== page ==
“To Christians, to Anglicans, who sense a great emotion of anger, that is appropriate when the innocent are killed,” said Justin Welby, the archbishop of Canterbury. “It is not appropriate to be angry at a whole category of people, but simply at one person.”

Woman in hijab abused on social media

Following Wednesday’s attack, a photograph picturing a Muslim woman walking at the scene went viral, with many questioning her willingness to aid the wounded.

Thousands of people on Twitter shared the image, which drew a barrage of racistmessages.

The Muslim woman, who wishes to remain anonymous, later released a statement through Tell MAMA, a UK-based organisation that keeps track of Islamophobic attacks.

“My thoughts at that moment were one of sadness, fear, and concern,” the woman said. “What the image does not show is that I had talked to other witnesses to try and find out what was happening, to see if I could be of any help, even though enough people were at the scene tending to the victims.”

She added that she was “devastated” by the attack, and at the shock of finding her picture plastered all over social media “by those who could not look beyond my attire, who draw conclusions based on hate and xenophobia”.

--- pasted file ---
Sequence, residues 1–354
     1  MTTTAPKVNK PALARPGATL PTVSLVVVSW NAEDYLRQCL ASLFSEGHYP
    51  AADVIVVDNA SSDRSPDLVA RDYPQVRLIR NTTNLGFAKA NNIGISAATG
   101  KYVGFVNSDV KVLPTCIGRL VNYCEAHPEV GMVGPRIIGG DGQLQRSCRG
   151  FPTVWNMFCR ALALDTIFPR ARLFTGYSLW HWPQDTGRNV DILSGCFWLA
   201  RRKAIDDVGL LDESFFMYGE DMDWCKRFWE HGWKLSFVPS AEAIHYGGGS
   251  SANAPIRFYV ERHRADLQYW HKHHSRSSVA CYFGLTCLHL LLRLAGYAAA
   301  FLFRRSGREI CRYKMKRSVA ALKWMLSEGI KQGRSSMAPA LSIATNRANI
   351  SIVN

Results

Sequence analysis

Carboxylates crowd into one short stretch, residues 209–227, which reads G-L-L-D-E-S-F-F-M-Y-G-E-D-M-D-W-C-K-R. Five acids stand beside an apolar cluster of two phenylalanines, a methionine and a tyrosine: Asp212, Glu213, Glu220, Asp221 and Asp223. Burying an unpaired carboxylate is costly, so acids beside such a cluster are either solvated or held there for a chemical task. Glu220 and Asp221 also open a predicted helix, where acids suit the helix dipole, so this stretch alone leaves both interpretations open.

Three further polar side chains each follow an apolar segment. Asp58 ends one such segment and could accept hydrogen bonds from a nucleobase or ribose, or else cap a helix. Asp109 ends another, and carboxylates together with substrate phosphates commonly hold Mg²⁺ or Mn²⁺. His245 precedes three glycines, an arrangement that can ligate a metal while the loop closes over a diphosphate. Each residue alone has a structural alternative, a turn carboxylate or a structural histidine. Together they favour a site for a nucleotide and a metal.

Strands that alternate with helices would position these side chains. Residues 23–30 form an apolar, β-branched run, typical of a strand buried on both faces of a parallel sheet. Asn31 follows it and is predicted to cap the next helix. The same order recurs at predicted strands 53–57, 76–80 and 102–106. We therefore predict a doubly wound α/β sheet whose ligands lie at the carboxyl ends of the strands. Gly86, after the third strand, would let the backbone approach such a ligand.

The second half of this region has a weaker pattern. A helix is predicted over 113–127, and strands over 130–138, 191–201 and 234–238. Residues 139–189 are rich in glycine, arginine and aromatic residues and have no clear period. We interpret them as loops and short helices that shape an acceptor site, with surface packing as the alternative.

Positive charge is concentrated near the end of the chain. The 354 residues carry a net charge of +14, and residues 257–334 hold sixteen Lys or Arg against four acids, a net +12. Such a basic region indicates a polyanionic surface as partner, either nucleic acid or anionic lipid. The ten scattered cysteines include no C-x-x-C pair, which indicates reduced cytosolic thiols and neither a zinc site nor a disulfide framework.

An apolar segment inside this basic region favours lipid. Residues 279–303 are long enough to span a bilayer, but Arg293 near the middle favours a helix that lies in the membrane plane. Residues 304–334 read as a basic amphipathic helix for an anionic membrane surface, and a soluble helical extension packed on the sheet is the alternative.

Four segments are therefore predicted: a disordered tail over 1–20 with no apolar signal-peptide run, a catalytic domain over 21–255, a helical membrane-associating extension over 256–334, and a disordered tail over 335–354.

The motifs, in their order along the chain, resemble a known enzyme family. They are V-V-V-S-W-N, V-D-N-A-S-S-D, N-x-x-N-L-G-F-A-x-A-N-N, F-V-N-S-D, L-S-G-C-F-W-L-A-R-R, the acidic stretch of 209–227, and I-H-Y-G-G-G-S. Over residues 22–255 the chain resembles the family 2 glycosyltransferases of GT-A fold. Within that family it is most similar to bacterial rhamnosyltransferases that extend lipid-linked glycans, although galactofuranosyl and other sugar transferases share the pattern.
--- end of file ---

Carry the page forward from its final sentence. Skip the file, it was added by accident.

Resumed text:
Additional reporting by Zineb Abdessadok, Neave Barker, Barnaby Phillips.

 

Source: Al Jazeera News

Westminster Attack United Kingdom Europe

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Cheap plastic film cools whatever it touches up to 10°C

 

Large-scale film cools objects on which it sits.

Y. Zhai et al., Science 355, 6325 (9 February 2017)

Cheap plastic film cools whatever it touches up to 10°C

If heat is not your thing, rejoice: A thin plastic sheet may soon provide some relief from the intense summer sun. The film, made from transparent plastic embedded with tiny glass spheres, absorbs almost no visible light, yet pulls in heat from any surface it touches. Already, the new material, when combined with a mirrorlike silver film, has been shown to cool whatever it sits on by as much as 10°C. And because it can be made cheaply at high volumes, it could be used to passively cool buildings and electronics such as solar cells, which work more efficiently at lower temperatures.

During the day most materials—concrete, asphalt, metals, and even people—absorb visible and near-infrared (IR) light from the sun. That added energy excites molecules, which warm up and, over time, emit the energy back out as photons with longer wavelengths, typically in the midrange of the infrared spectrum. That helps the materials cool back down, particularly at night when they are no longer absorbing visible light but are still radiating IR photons.